There was once a time when Wu-Tang Clan ruled, hailed by many as one of the most influential hip-hop groups of all time. Now, 25 years after their debut, Enter The Wu-Tang, their legacy is still being crafted. However, you can’t help but feel that The Saga Continues is an unravelling of that legacy, rather than an addition to it.
In just 50 minutes you’ll drift through 18 drizzly and meandering songs- and while your attention won’t be grabbed for a single moment of it, you’ll hardly have a second to breathe either. That’s not to say that the album races at an aggressive speed. It’s more of a slow, constant inhale, culminating in a heavy release of toxic vapour, as your body beats at a steady, militant pace.
While the mixtures of voices and styles as members of the Wu-Tang Clan sporadically dip in and out gives The Saga Continues a real diversity, the album’s greatest strength comes in the form of its well-regimented production. It’s a testament to DJ Mathematics, who takes over the production of the album instead of the legendary RZA (who charitably turns up for a mere two minutes of proceedings). Nevertheless, it’s ever so slightly dull, and the contributors sound disconnected as if they randomly turned up to the studio on whatever day they had free that month.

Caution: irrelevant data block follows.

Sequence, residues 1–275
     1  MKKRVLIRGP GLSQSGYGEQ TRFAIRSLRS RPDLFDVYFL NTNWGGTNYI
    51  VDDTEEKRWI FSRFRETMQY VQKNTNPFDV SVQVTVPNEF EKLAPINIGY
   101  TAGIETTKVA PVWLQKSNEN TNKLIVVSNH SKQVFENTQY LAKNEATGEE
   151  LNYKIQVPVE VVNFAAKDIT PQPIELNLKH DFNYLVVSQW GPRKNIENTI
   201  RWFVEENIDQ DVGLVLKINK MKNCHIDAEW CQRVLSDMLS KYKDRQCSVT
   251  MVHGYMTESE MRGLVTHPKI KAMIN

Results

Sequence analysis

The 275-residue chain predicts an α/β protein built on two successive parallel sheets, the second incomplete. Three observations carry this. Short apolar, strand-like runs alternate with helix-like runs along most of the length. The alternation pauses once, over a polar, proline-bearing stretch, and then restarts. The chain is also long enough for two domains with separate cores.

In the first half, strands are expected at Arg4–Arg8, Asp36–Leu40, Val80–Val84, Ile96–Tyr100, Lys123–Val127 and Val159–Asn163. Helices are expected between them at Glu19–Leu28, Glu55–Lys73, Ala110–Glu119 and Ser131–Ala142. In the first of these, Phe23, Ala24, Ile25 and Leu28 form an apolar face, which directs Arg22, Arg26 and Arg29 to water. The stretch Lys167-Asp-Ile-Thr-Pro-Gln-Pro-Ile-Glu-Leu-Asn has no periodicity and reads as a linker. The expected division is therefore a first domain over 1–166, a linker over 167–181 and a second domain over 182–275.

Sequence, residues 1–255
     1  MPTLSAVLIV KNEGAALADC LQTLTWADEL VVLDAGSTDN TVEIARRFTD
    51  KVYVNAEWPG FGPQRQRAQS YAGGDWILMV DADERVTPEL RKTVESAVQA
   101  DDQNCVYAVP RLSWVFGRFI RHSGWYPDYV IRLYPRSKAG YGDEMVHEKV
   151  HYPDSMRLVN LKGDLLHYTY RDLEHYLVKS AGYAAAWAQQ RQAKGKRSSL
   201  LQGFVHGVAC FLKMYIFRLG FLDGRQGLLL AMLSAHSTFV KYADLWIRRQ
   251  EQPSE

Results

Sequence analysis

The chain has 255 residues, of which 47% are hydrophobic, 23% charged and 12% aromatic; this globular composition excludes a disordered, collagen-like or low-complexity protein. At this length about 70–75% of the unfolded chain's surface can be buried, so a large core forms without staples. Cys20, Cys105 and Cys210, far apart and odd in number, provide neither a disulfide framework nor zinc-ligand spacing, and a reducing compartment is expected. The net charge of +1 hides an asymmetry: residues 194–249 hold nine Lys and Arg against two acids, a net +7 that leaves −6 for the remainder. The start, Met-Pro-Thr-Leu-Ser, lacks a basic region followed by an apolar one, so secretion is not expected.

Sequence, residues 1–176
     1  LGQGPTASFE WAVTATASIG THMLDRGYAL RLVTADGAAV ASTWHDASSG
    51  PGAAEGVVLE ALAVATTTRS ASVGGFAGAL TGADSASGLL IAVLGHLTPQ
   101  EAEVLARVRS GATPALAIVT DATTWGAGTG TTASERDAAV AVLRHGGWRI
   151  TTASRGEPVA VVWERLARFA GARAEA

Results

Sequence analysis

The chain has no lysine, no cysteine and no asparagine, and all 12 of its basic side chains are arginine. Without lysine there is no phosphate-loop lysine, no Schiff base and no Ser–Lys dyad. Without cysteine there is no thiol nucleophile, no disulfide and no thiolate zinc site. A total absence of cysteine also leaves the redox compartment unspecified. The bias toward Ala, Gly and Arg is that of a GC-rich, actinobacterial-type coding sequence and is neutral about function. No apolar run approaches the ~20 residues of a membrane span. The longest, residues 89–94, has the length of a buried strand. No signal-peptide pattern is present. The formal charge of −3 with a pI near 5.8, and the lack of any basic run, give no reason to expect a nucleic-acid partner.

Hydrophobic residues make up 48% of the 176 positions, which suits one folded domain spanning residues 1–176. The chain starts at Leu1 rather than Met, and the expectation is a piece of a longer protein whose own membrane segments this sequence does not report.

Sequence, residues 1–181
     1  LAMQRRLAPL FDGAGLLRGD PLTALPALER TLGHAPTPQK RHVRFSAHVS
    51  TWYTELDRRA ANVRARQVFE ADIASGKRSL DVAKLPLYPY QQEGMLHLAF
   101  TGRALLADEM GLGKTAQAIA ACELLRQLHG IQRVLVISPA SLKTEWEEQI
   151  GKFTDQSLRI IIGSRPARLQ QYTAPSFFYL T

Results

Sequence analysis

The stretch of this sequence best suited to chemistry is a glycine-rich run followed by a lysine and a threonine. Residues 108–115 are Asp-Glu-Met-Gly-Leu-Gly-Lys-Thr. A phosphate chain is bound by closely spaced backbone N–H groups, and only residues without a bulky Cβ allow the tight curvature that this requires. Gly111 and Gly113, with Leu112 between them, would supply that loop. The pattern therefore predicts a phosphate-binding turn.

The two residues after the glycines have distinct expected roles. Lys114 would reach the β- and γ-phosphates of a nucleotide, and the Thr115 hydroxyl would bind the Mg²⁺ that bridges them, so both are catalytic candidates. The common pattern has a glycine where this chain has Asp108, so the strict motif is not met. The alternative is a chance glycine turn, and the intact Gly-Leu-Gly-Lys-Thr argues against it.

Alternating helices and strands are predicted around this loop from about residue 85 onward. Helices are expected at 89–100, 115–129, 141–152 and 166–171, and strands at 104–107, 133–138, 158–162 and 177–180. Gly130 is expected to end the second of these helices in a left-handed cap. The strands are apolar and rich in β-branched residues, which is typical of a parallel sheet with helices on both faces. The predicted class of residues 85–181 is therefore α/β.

There isn’t a particular moment of brilliance, a song that slaps the air out of your mouth. No. The Saga Continues is a mood, a feeling, an experience that relies on the whole, not the individual. But this lack of star quality means that, ultimately, there is very little reason to revisit the saga once you’ve come to its damp conclusion.
So, if this is the continuation of the saga, let’s hope it has a much better end.